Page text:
During 2021, Mirada Sur discussed some of the most important events in the region, including the Cuban protests on July 11; the elections that occurred all across the region in Chile, Ecuador, and Peru; as well as provided constant updates on local events. It also has put focus on key narratives of dignity, bureaucracy, social mobility, inclusive prosperity, and innovation.

Both Martín Aguirre and his colleague from Uruguay, Ignacio Munyo, joined Diogo Costa (Brazil), and Sary Levy (Venezuela) in the Latin America Regional Deep Dive session during our Liberty Forum in Miami.

The Index of Bureaucracy


Speaking about Sary Levy, just prior to Liberty Forum, our Center launched The Index of Bureaucracy in Latin America, which quantifies the amount of bureaucracy in Latin America and how many barriers stand in the way of people in the region to earn a living. This was a joint collaboration with six think tank partners across the region and in Spain. The project was led by CEDICE Libertad in Venezuela and their advisor, Sary Levy, who, along with Roberto Salinas, were the main facilitators of the project. Sary gave a presentation on the index in our Latin America Deep Dive panel. The other five think tank partners in the project were Fundación Libertad (Argentina), Instituto Liberal (Brazil), Instituto de Ciencia Política Hernán Echavarría Olózaga (Colombia), México Evalúa (Mexico), and Fundación Civismo (Spain). We conducted an online launch event for the index on November 9. The streamed event was viewed live by more than 1,800 individuals and the Index was mentioned in 19 different articles in various media outlets across the region including some of the most prestigious outlets in Latin America such as La Nación in Argentina, and in the United States by El Nuevo Herald, which is one of the most impactful mainstream newspapers for Hispanic news in the country and is well regarded in the region, as well.

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Dr. Sary Levy (CEDICE Libertad, Venezuela) presents the Latin America Bureaucracy Index during the Latin America Deep Dive session at Liberty Forum & Freedom Dinner 2021.

The Center for Latin America in the news

Throughout the year and especially around the time of the Liberty Forum, the Center for Latin America fellows and staff were very active in the media. Our executive director, Roberto Salinas, had media hits commenting on liberalism’s hour in Latin America, co-written with our general manager, Gonzalo Schwarz. And to close out the year, Salinas discussed the economic environment in the region on CNN:

Senior Fellow Axel Kaiser discussed in the Wall Street Journal the election in Chile of radical socialist candidate Gabriel Boric and warned about the challenges to come for the country, which was once the guiding light for progress in the region.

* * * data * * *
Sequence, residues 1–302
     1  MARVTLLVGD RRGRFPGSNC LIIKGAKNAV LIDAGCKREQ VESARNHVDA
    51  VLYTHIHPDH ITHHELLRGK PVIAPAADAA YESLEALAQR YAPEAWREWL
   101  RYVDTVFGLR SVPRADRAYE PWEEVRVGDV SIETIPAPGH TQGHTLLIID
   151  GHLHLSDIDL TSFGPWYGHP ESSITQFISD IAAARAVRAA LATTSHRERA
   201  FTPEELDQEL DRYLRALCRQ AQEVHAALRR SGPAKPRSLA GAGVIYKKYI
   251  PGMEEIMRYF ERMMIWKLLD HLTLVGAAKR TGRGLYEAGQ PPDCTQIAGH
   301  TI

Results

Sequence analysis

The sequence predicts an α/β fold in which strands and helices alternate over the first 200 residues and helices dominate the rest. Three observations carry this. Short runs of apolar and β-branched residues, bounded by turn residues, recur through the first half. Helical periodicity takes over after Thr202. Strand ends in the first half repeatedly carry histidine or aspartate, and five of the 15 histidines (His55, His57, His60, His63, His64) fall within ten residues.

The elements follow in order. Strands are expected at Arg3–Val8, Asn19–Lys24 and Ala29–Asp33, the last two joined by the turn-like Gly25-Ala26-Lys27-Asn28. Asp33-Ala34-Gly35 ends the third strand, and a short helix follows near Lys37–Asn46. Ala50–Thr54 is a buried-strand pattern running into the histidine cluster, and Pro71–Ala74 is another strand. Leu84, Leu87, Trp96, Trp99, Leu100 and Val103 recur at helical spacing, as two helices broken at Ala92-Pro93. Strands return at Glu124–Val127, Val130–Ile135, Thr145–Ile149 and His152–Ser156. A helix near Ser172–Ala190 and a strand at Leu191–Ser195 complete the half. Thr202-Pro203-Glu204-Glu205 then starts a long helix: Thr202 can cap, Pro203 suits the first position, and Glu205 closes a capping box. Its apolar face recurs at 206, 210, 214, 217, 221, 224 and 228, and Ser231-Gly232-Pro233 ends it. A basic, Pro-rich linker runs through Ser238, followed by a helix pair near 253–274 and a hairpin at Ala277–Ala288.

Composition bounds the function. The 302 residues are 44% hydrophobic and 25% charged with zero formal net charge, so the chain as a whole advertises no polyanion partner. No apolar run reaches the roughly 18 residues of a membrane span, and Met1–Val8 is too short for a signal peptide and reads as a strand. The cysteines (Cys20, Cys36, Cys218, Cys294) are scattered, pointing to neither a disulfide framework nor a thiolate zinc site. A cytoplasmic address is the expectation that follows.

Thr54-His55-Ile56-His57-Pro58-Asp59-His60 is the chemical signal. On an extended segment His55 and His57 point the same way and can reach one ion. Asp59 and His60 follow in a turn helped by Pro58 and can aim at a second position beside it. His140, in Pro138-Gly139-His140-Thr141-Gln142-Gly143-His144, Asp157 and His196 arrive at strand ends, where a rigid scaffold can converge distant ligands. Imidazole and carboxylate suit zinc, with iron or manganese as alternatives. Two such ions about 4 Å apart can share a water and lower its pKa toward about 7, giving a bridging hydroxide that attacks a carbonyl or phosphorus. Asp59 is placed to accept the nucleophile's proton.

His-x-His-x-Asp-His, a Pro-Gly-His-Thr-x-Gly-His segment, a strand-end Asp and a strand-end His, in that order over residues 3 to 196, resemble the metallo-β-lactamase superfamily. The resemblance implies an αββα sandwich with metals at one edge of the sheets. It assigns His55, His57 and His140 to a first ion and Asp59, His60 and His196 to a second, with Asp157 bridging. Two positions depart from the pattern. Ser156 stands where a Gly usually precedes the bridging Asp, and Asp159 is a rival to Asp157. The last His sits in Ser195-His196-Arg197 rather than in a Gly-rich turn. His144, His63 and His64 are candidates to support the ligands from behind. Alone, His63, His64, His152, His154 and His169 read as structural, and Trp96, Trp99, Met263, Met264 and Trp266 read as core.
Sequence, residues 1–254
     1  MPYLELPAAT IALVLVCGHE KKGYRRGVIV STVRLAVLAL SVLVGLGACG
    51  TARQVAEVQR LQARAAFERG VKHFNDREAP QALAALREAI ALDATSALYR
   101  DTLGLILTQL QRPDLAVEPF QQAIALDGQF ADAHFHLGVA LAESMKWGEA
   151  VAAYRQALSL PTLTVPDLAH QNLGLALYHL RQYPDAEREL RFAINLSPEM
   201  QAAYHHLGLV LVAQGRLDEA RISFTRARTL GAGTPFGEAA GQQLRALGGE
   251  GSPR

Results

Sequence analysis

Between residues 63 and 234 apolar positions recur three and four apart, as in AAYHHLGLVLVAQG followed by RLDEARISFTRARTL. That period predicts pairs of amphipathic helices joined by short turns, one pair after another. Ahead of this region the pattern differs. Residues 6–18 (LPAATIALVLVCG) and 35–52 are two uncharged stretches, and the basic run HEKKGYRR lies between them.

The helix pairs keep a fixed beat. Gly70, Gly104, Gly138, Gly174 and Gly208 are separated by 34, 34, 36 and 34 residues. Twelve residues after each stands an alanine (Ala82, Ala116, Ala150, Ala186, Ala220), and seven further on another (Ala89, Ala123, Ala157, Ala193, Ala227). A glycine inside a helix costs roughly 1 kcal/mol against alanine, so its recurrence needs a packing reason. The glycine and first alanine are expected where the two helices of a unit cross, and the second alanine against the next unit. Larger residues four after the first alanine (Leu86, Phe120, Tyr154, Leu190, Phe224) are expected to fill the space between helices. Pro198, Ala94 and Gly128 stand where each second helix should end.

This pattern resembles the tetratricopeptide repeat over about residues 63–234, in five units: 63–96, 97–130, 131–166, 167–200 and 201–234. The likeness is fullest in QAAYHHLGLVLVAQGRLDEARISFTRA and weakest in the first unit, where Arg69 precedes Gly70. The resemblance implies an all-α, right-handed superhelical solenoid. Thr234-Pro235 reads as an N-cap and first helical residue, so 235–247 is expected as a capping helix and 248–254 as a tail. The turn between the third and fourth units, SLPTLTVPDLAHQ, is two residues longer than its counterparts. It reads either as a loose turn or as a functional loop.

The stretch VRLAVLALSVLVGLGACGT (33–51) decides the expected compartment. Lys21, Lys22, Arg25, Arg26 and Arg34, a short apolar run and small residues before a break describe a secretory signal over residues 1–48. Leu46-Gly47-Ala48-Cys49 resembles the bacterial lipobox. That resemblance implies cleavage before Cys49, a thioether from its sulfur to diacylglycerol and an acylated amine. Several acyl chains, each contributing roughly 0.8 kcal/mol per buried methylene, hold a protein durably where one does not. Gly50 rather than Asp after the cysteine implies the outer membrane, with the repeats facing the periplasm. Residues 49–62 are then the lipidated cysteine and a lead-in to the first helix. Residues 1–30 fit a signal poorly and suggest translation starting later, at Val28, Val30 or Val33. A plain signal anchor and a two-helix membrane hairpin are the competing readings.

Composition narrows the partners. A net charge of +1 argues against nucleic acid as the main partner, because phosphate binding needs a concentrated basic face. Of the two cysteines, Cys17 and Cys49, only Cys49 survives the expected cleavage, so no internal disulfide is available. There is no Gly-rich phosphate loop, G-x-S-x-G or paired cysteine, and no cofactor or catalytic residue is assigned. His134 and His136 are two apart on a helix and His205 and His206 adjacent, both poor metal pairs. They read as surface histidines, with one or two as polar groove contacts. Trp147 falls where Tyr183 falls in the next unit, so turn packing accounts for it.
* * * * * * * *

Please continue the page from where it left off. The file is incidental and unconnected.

Fellow Antonella Marty, now a major social media influencer, was interviewed by Reason Magazine. She was very active during the Liberty Forum, giving a cornerstone talk, and appeared in various outlets throughout the year including Infobae, Epoch Times, and El Español, to name just a few. Her podcast, Hablemos Libertad, has been a welcome success.

General Manager Gonzalo Schwarz and Senior Fellow Dr. Juan Jose Daboub were also active in the media, discussing the reasons behind Central American immigration to the United States as well as potential solutions.

Coverage of the Liberty Forum included articles from Diario de las Americas, El American, and Miami Diario, among many other outlets.

Time to Accelerate

Looking back on 2021, our Center for Latin America can take a lot of pride in how we made progress in better defining the liberal ideals that “Freedom Movement 2.0” is working toward, and getting real traction with exciting projects as described above.

Now it is time to expand our audiences and scale up strategies that are working. This fits perfectly with the “Accelerate” theme Atlas Network has adopted for its series of Liberty Forum events, which will take place around the world during 2022.

We must double down on our efforts in the Latin American region and the world to think “outside the box” and to push forward a positive framework for the ideas of liberty. With so many governments having overplayed their hands during the COVID era, we have a unique opportunity to show the importance of having simple rules for a complex world. Our vision is the best hope for creating the flexibility, innovation, resilience, and social mobility that ensure lasting open societies and inclusive prosperity. Our community is well positioned to stand up for these principles and to provide a positive alternative to the politics of hatred and polarization that have risen with autocracies and illiberal populists.

From the outset, a key lemma at the Center for Latin America has been “Sí se puede.” It is now crucial to accelerate the ideas of liberty and expand our message across a region that is fraught with turbulence and discontent, but where hope for a better future remains very much alive. We look forward to building on our present momentum over the course of 2022, and we welcome your active engagement in our efforts.